Americans are constantly warned every day that there is a deadly threat from terrorists. From homegrown radical ‘extremists’ to ISIS camps in Mexico, the fear is constantly pumped out to the masses via the mainstream media.
However, there is a much more immediate and deadly threat to Americans across the nation, one that can strike at any time, and one that has killed untold thousands more than lost their lives on September 11th 2001 and every other ‘terrorist’ incident since.
That threat is the police.
You are at the very least, eight times more likely to be killed by a police officer than a terrorist.
Cops in the US are responsible for way more deaths on American soil than terrorism since the year 2000. Indeed, in that time, police have killed at least 5,600 people via gunshots, taserings, beatings and other forms of violence. That figure represents more than the total number of US combat deaths in all wars since 2000.
Those are the findings of Fatal Encounters, an impartial nonprofit organisation working to build a national database of police killings in the US.
The organisation notes that the data it collect is largely “based on public information requests, but the bulk of it–the part that will make it sustain after the structure is built–will use crowdsourcing to update the database.”
“How many people are killed in interactions with law enforcement in the United States of America? Are they increasing? What do those people look like?” the organisation asks on its website.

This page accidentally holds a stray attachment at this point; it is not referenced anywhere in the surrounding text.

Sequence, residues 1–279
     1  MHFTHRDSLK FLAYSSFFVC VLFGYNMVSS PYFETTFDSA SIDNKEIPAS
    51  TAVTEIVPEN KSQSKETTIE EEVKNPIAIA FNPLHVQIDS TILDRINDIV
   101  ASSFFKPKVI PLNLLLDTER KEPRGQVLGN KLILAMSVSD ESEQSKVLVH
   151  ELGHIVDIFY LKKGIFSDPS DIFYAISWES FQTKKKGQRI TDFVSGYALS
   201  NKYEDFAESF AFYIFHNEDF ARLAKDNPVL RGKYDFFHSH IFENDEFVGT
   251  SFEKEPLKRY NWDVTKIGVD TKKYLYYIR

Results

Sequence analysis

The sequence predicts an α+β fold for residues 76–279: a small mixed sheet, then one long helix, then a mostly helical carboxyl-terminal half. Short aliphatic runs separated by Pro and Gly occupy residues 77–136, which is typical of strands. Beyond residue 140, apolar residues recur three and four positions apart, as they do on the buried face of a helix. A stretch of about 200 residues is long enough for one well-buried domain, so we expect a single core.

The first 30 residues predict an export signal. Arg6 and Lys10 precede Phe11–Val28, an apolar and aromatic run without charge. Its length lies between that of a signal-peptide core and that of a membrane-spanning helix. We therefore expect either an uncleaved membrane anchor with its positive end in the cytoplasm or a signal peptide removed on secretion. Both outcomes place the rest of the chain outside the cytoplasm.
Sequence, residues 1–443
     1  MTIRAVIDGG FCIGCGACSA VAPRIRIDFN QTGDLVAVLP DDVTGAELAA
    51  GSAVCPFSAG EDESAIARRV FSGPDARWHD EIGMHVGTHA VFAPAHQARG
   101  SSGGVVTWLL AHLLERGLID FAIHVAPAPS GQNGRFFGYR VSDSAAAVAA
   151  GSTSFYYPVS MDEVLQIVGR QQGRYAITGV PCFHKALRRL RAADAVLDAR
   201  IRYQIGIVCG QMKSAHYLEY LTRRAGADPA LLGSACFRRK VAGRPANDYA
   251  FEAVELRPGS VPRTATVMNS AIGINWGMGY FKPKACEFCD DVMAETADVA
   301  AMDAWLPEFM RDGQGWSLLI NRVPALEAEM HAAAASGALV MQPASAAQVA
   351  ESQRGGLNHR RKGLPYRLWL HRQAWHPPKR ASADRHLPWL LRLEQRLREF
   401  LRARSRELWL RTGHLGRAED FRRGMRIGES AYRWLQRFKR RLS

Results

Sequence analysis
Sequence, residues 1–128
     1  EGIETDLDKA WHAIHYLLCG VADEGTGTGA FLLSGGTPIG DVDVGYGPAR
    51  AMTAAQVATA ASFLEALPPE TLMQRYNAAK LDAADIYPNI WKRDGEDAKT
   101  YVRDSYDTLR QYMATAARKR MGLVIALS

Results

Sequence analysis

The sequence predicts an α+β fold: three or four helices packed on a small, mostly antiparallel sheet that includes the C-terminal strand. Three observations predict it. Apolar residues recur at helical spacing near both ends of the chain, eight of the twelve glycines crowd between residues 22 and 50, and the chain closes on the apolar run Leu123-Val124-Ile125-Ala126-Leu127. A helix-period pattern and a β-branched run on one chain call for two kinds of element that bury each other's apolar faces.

Vox took the data gathered by Fatal Encounters and created an interactive map of every documented police killing over the past 15 years. It looks like this:
Fatal Encounters states in its mission brief that while the FBI collects vast amounts of information on crime nationwide, it does not release collated statistics on how often police use deadly force.
In addition, it is not even mandatory for local and state agencies to report the circumstances of killings, and consequently, whether police were involved.
“Americans should have the ability to track that act.” the website notes.
Thus, the data collected and used to create the map of police killings is incomplete – significantly incomplete.
Indeed, the organisation estimates that it has only captured about 35 percent of total police killings since 2000 so far. So at best, this map represents a minimum of police related killings over the past 15 years.
By those calculations, around SIXTEEN THOUSAND Americans are likely to have been killed by police in that time. Over 1000, every year.
In comparison with other first world nations; only three people were killed by police in 2014 in the UK; 12 people in Canada, and eight over the past two years in Germany. All this despite the fact that the crime index highlights that countries like the UK aren’t that far behind America in regards to overall crime rate.
The level of police killings only appears to be escalating into an epidemic. It is indicative of an endemic societal divide between Americans and their government (yes police work for the government).
So are you still afraid of phantom ISIS camps on the border? Or does being shot dead merely for having a broken tail light seem a more realistic threat?
Steve Watson is a London based writer and editor for Alex Jones’ Infowars.com, and Prisonplanet.com. He has a Masters Degree in International Relations from the School of Politics at The University of Nottingham, and a Bachelor Of Arts Degree in Literature and Creative Writing from Nottingham Trent University.
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